OMG! OMG! It’s a lactating breast!

Access is denied notice on a notebook

I know, I know; what was I thinking?

Here I am, a 56 year old woman, old enough to be a grandmother (hint to my married and engaged children!) and I violated the standards of Facebook by heading a post about lactation with a picture of …

[Stop reading now if you are easily offended. Cover your children’s eyes. Gather your strength]

… a lactating breast.

Oh, the horror! No wonder that I’ve been banned from Facebook for 24 hours. I should have realized that infants and children might have seen that picture and who can bear to think about the consequences of that.

The post in question was Babies are dying because breastfeeding advocates are lying written to highlight the small but rising death toll that has resulted from breastfeeding advocates lying about the benefits of breastmilk and demonizing formula, apparently a trivial problem in comparison with the serious problem of people being exposed (full frontal!) to lactating breasts.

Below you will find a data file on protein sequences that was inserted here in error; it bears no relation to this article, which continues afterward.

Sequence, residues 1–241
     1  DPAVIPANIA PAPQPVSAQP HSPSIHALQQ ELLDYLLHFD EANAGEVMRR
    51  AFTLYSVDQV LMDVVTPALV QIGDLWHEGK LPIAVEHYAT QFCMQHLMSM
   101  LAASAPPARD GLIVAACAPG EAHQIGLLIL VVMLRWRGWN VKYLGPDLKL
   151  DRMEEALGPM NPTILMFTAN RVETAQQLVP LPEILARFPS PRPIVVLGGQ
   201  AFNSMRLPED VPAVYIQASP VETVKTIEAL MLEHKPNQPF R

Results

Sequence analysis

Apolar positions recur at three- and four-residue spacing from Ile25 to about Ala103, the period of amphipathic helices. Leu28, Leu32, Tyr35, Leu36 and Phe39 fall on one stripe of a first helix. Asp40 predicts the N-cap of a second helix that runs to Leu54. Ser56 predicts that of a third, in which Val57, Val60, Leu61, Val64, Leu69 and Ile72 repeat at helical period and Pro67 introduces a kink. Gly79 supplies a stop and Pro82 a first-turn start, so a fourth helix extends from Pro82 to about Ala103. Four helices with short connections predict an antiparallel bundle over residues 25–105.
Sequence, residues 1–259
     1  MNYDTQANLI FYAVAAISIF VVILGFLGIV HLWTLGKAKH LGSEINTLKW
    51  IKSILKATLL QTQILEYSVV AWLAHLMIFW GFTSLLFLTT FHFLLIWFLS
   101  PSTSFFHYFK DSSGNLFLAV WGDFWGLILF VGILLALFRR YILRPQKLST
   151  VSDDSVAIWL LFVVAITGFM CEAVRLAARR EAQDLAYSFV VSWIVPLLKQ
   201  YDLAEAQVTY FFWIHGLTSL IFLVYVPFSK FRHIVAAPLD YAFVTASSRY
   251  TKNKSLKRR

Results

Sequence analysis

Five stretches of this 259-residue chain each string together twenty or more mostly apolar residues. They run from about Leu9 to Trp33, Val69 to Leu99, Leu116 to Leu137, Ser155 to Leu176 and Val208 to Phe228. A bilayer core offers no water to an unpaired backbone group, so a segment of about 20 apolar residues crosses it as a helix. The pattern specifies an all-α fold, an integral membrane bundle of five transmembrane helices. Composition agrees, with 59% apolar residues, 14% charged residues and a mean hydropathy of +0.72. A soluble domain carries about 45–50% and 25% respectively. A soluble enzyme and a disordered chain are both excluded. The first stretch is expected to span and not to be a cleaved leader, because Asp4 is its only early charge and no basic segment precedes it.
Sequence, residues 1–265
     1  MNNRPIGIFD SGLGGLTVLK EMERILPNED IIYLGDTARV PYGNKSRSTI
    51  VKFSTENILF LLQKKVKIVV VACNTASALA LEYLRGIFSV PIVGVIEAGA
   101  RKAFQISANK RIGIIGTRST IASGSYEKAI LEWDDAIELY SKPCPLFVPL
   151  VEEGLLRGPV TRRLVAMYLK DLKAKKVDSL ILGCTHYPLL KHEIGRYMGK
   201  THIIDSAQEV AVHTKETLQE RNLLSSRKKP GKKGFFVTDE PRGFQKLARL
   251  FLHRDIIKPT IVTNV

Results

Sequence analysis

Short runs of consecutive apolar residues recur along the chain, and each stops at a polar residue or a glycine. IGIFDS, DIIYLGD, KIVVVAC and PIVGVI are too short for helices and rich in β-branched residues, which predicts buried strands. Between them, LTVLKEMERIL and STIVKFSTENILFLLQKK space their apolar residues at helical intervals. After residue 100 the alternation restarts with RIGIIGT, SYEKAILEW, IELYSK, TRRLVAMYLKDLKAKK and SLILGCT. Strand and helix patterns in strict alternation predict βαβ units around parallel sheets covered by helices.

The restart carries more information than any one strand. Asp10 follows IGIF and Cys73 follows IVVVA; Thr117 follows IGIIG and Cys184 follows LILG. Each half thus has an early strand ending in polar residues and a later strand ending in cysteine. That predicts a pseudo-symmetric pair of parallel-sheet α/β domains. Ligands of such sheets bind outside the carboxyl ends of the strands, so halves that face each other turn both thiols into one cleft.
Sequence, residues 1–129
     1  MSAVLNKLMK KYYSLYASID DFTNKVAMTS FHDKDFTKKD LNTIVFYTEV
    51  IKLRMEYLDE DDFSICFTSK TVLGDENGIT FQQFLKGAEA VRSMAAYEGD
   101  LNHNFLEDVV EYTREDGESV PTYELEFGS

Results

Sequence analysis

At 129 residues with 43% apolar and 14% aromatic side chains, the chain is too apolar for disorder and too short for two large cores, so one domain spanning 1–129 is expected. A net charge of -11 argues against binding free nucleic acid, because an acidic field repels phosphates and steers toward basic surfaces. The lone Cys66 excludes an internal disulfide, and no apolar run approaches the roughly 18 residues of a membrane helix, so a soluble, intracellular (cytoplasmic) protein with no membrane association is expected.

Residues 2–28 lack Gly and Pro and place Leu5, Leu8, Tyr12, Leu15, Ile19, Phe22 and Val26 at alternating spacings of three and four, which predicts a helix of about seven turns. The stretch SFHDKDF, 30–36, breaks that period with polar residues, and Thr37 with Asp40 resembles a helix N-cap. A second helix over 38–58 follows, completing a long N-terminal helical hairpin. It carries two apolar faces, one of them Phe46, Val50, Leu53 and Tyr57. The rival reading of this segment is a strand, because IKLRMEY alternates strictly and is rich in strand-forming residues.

You can view the picture here. Shocking, isn’t it?

I’ve changed the picture and I’ve appealed the ban, but I’m not particularly hopeful.

I realize that Facebook relies on algorithms to police it’s photos and I imagine that real nipples are verboten. Obviously we don’t want Facebook to become cluttered up with porn, but it does raise an interesting question: why is a female breast inevitably construed as pornography?

We have a real problem as a society if we say we want to encourage breastfeeding but then we turn around and ban all images of the female breast as inevitably pornographic. Which is it? Is breastfeeding a beautiful gift that a mother can give a child, or is it something so perverted that it must be hidden from children and everyone else?

Breasts are inherently sexual. I know that, but that’s not a bad thing. Sexual is not the same as pornographic and we should be mature enough as a society to realize that.